After watching the USA Men's U-23 team have victory against El Salvador, and progression to the CONCACAF Olympic Qualification semi-finals, snatched from them at the last minute I was just as disappointed as the players who sat down in disbelief on the field. But just as equally disappointing to me is the actual CONCACAF Olympic qualification process, which puts it's the best four teams from the group phase into essentially a one-game playoff with two berths to London on the line.
Regardless of my disdain for the actual qualification tournament, the true problem with the CONCACAF qualification is that the matches do not fall under an FIFA International Fixture date, meaning clubs are not required to release players for international duty. Several top US Olympic hopefuls such as Jozy Altidore (AZ Alkmaar, Denmark), Danny Williams (1898 Hoffenheim, Germany), Timmy Chandler (FC Nuremberg, Germany), Alfredo Morales (Hertha BSC, Germany) and Josh Gatt (Molde, Norway) were not released from their first team duties and Gatt was actually recalled to Norway due to injuries to other players.
That's a significant portion of the USA's talent pool that isn't allowed to be selected because FIFA doesn't care about the Olympics. Yes, while the Olympic soccer football tournament is often called the U-23 World Cup, it really isn't. First off, only 16 teams qualify for the Olympics, rather than the full field of 32 for the top World Cup and 24 for the U-20 and U-17 World Cups. And unlike those previous competitions I mentioned, CONCACAF (North/Central America and the Caribbean) only sends two representatives to London (UEFA - Europe will send four with hosts Great Britain while the AFC - Asia, CAF - Africa will send three each with a four bid up for grabs in a playoff before the games start).
Now, I took a shot at FIFA before explaining all that, and for good reason. This technically isn't a FIFA sanctioned tournament, so while they force clubs to release players for the Olympics, they can't force teams to release players for qualifying. Teams at the Olympics aren't allowed to wear their countries "badges" or emblems but instead wear their national flags in their place. The reason FIFA doesn't care about the Olympics is basically becase they aren't making money off of the tournament, the IOC is. And since most leagues are off during the Olympics, very few leagues (such as MLS) are actually affected by Olympic call-ups. And FIFA (and by FIFA I mean Sepp Blatter) is less inclined to help out CONCACAF (and the USA) by releasing players because of Blatter's hatred of MLS's league calender because it's not the same as Europe's. (I made that reason up, but it's true, Sepp Blatter thinks MLS should play at the same time as the EPL, i.e. in winter...hope LA likes to visit Foxborough, Mass. in January...)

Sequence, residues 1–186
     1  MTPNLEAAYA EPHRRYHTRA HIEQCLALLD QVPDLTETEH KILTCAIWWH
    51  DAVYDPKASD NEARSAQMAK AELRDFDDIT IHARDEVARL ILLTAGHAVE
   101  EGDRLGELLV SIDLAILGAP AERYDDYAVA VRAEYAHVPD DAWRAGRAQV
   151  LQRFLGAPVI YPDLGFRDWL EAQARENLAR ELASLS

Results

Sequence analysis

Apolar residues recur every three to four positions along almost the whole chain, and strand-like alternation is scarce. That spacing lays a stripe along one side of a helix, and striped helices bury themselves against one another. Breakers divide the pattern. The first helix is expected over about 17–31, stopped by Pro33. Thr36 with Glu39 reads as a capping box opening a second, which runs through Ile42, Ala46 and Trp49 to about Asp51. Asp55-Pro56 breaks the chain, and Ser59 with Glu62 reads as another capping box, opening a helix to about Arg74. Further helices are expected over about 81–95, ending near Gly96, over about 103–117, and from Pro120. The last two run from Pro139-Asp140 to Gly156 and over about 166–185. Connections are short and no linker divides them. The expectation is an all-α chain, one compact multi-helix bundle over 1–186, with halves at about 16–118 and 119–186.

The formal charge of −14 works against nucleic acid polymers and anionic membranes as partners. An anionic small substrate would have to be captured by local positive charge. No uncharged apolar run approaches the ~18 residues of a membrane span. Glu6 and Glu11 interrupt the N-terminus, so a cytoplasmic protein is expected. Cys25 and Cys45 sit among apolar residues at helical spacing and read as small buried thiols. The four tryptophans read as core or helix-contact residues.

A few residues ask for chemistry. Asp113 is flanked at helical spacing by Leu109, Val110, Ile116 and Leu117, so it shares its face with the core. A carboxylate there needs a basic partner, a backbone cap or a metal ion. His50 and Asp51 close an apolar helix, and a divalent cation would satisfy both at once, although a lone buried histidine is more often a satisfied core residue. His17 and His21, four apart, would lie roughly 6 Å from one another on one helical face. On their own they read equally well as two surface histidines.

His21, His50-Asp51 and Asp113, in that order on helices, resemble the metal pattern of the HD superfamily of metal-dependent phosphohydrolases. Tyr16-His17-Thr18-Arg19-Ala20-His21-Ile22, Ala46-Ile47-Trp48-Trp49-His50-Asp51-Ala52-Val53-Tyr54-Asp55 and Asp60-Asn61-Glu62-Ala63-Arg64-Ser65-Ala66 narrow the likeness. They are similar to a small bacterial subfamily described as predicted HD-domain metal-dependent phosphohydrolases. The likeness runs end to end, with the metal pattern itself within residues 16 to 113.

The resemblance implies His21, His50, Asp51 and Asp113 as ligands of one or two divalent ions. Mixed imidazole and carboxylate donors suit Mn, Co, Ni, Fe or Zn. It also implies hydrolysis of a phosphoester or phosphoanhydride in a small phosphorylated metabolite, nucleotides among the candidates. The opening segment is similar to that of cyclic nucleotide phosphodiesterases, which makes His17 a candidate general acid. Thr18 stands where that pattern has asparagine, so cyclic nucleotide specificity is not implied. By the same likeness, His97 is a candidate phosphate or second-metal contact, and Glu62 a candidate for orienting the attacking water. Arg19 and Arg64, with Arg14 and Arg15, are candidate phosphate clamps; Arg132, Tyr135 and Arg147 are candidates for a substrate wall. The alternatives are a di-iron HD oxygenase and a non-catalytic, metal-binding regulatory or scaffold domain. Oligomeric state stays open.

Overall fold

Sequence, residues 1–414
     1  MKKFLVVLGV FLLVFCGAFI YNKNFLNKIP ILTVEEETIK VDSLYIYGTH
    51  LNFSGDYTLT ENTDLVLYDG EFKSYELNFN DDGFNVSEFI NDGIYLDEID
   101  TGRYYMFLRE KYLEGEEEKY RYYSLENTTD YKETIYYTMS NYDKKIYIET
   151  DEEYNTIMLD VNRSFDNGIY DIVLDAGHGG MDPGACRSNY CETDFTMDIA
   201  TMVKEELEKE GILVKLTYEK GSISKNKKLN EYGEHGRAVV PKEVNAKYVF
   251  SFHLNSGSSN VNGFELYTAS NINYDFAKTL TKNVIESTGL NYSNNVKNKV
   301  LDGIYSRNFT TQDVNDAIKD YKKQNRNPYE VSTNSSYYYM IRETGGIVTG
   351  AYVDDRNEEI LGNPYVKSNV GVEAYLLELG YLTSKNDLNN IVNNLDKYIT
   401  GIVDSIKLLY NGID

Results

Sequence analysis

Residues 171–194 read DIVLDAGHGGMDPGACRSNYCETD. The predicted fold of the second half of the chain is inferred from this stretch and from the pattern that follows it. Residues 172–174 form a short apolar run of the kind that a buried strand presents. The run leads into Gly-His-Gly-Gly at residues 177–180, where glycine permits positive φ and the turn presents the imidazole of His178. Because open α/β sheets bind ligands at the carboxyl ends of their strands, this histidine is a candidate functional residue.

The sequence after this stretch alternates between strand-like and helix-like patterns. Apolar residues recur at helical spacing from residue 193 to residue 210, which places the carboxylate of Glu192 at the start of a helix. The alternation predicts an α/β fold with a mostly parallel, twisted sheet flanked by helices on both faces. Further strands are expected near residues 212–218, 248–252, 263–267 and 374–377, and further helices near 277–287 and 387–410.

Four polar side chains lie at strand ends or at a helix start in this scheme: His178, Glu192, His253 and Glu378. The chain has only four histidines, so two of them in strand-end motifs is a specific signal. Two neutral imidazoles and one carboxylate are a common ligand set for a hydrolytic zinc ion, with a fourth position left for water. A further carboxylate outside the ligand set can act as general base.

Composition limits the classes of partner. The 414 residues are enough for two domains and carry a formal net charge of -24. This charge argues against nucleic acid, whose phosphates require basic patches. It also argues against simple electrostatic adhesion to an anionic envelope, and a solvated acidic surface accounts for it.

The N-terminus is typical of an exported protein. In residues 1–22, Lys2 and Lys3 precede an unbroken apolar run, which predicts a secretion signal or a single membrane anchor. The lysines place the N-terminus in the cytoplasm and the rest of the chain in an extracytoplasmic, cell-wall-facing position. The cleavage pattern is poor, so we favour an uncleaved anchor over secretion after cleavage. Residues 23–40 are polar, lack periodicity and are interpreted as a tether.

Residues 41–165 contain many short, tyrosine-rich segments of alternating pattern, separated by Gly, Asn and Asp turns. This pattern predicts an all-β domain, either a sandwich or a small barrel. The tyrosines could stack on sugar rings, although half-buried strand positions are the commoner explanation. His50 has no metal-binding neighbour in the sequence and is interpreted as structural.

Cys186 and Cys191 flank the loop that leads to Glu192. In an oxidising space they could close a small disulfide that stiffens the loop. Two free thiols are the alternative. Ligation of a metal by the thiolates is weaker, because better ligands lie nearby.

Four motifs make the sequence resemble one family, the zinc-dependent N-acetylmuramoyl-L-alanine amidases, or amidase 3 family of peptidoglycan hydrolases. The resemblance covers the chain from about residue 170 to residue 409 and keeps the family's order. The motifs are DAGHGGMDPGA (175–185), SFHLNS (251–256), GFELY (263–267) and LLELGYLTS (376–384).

Does this take away the sting of the USA's failure to qualify for London 2012. No, but do you really expect a team without it's two best forwards (Altidore and Agudelo, who was injured during the tournament) it's first team defense (everyone in Europe I mentioned above) and back-up keeper (Sean Johnson replaced Bill Hamid during the El Salvador match after he injured his knee) to win three games in five days and then a winner-takes-all match four days later? You'd be hard pressed to find any team in the world whose second team could qualify for a major tournament. You can question Caleb Porter's decision to not sub out Hamid until after he gave up two goals, you can question why players are being asked to play games every other day for a week with a 20-man roster, which doesn't allow a lot of room for substitutes and leads to some very tired looking players, especially those players who aren't playing regular minutes with their club teams...which is about everyone on the USA roster that plays in Europe.
And at the end of the day, the experience that many of these players are getting abroad and domestically with their club teams might be better than playing friendlies and tournaments agaisnt CONCACAF teams. But that only works if said players are actually getting first team minutes. Terrence Boyd made his senior debut for the USA against Italy as a substitute before playing his first professional game with his club in Germany, yet Boyd is being relied on to start and win games for qualification to the Olympics instead of two players in Altidore and Agudelo who are regular senior team call-ups. Certainly these players want to make the Olympics, but they have well paying club gigs waiting for them while the largely domestic players representing El Salvador view the Olympics as their Super Bowl. And they have a good chance of progressing and seeing that dream.
But for the USA, there are bigger fish to fry. And several of the players who didn't qualify for London are going to be relied on to get the Yanks to Brazil in 2014. And if you're playing in the 2014 World Cup in Brazil, are you going to care that you didn't play in London 2012?
Not a chance.